Webster had a clutch catch-and-run that put North inside the Polk County 3-yard line in the final minutes, but Polk County’s defense made the stand it had to make.
“Even if we score there we’ve got to get a 2-point conversion just to get into overtime on the road,” North coach Ben Hampton said. “The bottom line was we didn’t play very well and we definitely didn’t play well enough to win. In about two weeks, we’ll get back to work and try to get better.”
The only kickoff that Jacob Young didn’t put in the end zone was run back for a touchdown by P0lk County running back Elijah Sutton. That TD, right before halftime, was the turning point.
“Special teams breakdowns killed us,” Hampton said.
Polk County won its first playoff game since 2014.
North’s junior quarterback, Willis Mitchell, had over 1,800 passing yards for the season and topped 2,000 yards of total offense.
Webster rushed for 1,597 yards (8.8 yards per carry) this season and finished his stellar career with 3,411 rushing yards.
Quintous Smith contributed his eighth receiving TD of the season on Friday and also had a big rushing TD (it beat Lexington) this season.
Junior QB Payne Stolsworth’s streak of 10 straight games with at least one touchdown pass was ended by Hunter Huss in West’s 34-14 loss in Gastonia on Friday. Both of West’s TDs were on runs by Martavio Rankin, who closed out his career with a strong effort.
Stolsworth finished the season with 2,101 passing yards (13th on the all-time county list for a season) and 23 TD passes.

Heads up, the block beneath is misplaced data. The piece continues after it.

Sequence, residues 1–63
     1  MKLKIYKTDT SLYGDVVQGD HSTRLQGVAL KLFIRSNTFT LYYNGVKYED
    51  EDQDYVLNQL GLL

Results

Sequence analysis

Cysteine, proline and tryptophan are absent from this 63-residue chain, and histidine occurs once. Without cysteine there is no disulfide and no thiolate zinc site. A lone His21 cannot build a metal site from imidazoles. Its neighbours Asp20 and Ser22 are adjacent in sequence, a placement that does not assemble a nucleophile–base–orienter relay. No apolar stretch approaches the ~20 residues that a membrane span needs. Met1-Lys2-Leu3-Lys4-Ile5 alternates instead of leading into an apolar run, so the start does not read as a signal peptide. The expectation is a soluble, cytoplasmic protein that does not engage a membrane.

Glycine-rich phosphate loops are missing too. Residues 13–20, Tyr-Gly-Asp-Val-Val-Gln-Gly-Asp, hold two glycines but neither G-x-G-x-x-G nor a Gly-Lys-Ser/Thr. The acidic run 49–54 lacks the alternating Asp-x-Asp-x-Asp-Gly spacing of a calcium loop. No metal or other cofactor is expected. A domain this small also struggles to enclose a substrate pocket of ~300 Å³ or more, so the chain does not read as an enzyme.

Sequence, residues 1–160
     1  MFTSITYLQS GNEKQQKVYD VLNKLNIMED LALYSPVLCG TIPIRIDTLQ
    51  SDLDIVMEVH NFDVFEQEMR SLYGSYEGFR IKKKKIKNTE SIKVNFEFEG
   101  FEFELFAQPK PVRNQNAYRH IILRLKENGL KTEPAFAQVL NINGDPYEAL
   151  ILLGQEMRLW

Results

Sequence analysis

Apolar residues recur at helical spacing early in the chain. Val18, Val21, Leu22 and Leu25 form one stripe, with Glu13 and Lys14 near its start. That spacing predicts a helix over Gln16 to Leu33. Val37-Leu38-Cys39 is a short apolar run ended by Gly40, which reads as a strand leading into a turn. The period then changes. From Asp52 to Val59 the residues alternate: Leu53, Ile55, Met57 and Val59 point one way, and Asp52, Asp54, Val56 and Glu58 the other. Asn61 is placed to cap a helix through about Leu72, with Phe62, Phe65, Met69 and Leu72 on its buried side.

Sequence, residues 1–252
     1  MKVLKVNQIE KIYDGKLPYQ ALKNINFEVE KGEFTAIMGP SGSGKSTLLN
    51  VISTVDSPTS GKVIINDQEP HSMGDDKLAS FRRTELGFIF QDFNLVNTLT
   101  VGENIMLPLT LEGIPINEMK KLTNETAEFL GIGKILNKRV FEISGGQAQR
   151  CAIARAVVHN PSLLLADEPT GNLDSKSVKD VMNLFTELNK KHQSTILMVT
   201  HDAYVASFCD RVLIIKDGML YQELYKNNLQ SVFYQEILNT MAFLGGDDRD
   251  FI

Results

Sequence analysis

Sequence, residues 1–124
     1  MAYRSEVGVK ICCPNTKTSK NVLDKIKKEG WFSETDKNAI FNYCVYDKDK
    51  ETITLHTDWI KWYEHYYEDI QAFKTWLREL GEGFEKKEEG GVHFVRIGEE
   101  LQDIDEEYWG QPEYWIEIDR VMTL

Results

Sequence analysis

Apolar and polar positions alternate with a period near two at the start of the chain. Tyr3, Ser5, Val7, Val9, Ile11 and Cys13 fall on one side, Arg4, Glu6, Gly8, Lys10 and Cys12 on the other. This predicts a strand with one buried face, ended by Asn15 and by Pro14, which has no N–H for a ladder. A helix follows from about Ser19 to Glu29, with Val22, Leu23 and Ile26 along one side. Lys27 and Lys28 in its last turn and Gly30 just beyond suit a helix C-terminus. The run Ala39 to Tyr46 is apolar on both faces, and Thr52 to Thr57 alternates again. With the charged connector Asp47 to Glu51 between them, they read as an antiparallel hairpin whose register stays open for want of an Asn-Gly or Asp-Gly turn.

Stolsworth’s junior season was almost identical to his sophomore season, with Jalen Houston performing the same sort of yards-after-the-catch magic that Kortez Weeks handled last year.
Stolsworth now has 4,135 career passing yards and 48 TDs. Stolsworth ranks ninth all-time in the county in passing yards and sixth in TD passes.
Houston had 53 catches for 1,144 yards and 14 TDs. The only Falcons with more catches in a season were Jon Crucitti (2009), Weeks (2015, 2016), Chavis Cowan (1994), Lamont Savage (2005) and Donald Gray (1983).
Houston’s yardage total this season ranks fifth on the all-time county list and third at West.
Salisbury paced the county in pass defense and scoring defense, and the Hornets’ defense was their stronger side, especially during the second half of the season.
Salisbury’s defense kept the Hornets in the game in the 19-7 loss to Red Springs, but the offense struggled and Red Springs won its first playoff game in five years.
Senior QB Griffin Myers finished with 1,525 passing yards, 1,737 yards of total offense and 19 touchdown passes. Myers’ passing yards shattered the previous school record that had stood since 1998.